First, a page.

THEN there is the coil rating, usually a voltage and AC or DC. Also duty is specified, because not all relays will survive continuous operation.

There are also special purpose relays that have a lot more details in the specifications, but the folks selecting those relays generally know about those very special applications and we do not need to be concerned about them either.

Joined Oct 15, 2022
8
I will try to provide more specifics. The input or trigger is from a temperature controller (stc-1000) @ 110vac, which is the input to the relay coil. The relay itself is switching a 24dcvolt solenoid valve that draws about 1.75amps. When the temperature set is met, the STC-1000 energizes and opens the valve.

#### MisterBill2

Joined Jan 23, 2018
13,798
OK, so you need a relay with normally open five amp contacts, and a 120 colt AC coil. The five amp contacts are to handle the solenoid inrush current with an adequate safety margin.

Joined Jul 18, 2013
26,286
The five amp contacts are to handle the solenoid inrush current with an adequate safety margin.
It is a DC solenoid!!

#### MisterBill2

Joined Jan 23, 2018
13,798
There is also an inrush current on DC devices. And a safety margin is ALWAYS a good idea. In addition, there is that tendency to draw an arc when switching off, which the heavier contacts can better handle.

Joined Jul 18, 2013
26,286
Any initial inrush current on a DC coil is trivial, it is at switch off that precautions have to be made, e.g. Reverse diode across the solenoid

#### wraujr

Joined Jun 28, 2022
40
Depending in how you are getting/using the 24VDC, you could also get a 24VDC 3A Wall-wart supply on Amazon for about $13 and have PID AC output drive the wall wart....with the solenoid wired to wall wart output. Given time of year are we looking at some sort of humidification control? Thread Starter #### radllc Joined Oct 15, 2022 8 Thanks to all your replies I have it figured out. I am designing a glycol chilling system that has three input temperature controls that drive the opening and closure the master chilling unit plus solenoid valves for the various zones. I have decided to go with 12VDC input (I scraped 120VAC input) to trigger 5 relays. Relay 1 - Chilling Unit -120VAC pulling around 5amps max. Relay 2 - Pump (probably 12volts but am still sourcing pumps). Relays 3 - 4 will power the solenoid valves (which will be either 12 or 24 volts). The relay I am currently planning to use is a Songle srd-12vdc-sl-c, which should cover all devices. I will probably drive this with relay boards (they have this relay) as they are common and very low cost - plus pretty much ready to go with all input and output leads. The have a high and low trigger. As such I plan to use the high trigger but will place a 1k resister ahead of the trigger input as is needs much less current to trip the relay. I can also just go with a simple relay (no board), but I would need to find one at a lower cost than the relays boards (and one with that has standard input spades and not pins for a PCB) as I can get 5 boards ready to go for less$10 (and they are easily sourced if I need to replace one). They do make some boards that have multiple relays, but then I am replacing the entire board if have a single relay or zone go bad. That about covers it.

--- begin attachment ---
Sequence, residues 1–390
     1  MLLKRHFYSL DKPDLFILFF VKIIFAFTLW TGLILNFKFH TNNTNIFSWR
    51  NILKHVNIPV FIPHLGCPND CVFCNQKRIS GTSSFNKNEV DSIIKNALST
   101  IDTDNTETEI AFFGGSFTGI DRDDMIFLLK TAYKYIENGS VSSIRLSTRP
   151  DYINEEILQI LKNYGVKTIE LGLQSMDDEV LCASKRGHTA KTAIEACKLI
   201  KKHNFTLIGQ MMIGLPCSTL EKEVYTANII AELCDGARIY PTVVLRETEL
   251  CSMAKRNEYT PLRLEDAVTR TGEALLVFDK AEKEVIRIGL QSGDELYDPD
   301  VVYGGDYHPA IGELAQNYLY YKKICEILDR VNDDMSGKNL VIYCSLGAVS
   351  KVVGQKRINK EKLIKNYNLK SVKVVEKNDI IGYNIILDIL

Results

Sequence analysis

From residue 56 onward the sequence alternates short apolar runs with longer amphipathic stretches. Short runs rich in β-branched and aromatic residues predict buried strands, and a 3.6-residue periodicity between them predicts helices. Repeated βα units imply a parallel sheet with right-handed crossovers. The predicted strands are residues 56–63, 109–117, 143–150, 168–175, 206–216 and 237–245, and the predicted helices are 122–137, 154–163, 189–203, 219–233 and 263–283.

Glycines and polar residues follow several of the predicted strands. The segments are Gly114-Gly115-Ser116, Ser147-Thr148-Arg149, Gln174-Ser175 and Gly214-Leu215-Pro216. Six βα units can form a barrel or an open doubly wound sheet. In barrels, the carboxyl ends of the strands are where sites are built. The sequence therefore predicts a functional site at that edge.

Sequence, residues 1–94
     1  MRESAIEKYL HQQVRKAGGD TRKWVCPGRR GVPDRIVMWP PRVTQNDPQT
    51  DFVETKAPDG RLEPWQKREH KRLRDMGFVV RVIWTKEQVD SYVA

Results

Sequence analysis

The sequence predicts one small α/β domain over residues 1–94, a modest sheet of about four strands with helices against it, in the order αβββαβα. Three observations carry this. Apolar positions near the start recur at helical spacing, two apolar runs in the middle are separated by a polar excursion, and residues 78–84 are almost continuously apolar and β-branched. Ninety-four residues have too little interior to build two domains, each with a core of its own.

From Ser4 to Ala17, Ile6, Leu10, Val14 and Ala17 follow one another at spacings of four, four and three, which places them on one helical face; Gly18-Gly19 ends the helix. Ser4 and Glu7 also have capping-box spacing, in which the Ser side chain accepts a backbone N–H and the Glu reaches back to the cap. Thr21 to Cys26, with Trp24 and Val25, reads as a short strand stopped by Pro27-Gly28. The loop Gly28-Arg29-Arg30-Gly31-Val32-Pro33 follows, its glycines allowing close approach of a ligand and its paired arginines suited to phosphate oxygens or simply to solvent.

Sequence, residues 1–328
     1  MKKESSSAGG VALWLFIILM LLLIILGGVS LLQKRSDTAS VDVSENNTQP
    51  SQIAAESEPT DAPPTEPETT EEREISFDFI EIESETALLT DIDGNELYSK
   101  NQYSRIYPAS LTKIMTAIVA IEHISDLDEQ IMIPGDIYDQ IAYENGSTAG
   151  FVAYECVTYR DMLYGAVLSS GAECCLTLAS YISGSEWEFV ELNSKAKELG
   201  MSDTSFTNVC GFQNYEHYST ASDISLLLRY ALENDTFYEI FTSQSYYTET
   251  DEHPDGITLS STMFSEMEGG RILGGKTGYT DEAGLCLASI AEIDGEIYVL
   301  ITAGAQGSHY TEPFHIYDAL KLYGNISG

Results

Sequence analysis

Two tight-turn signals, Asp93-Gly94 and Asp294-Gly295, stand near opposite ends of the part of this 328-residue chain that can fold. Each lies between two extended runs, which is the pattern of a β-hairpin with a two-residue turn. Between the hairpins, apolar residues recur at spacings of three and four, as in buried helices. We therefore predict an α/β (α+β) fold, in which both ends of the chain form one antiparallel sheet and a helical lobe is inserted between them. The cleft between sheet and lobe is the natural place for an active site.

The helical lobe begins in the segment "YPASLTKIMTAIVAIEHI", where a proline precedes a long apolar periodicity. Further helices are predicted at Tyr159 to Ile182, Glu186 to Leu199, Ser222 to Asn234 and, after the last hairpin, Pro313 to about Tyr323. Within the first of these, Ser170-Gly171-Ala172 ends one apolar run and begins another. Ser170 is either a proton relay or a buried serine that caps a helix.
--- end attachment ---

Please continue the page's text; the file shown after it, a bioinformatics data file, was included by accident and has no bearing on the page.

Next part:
Joined Jan 15, 2015
7,080
OK, I get where you are coming from. Personally I would not run with the Songle relays. The reasoning here is most have a habit of not meeting their published specifications and their contacts tend to burn up and weld shut. My project and keeping things simple I would just ru8n with 12 volt coil automotive relays and 12 volt solenoid coils. Automotive relays and their sockets are readily available online and any automotive parts store. Yes, they cost a little more but for your project well worth the additional cost.

Ron

Joined Jul 18, 2013
26,286
s. Automotive relays and their sockets are readily available online and any automotive parts store. Yes, they cost a little more
Ron
Or a handful for a couple of s at an auto wrecker.

#### MisterBill2

Joined Jan 23, 2018
13,798
Not all of those cube style relays are equal, some brands are not good quality.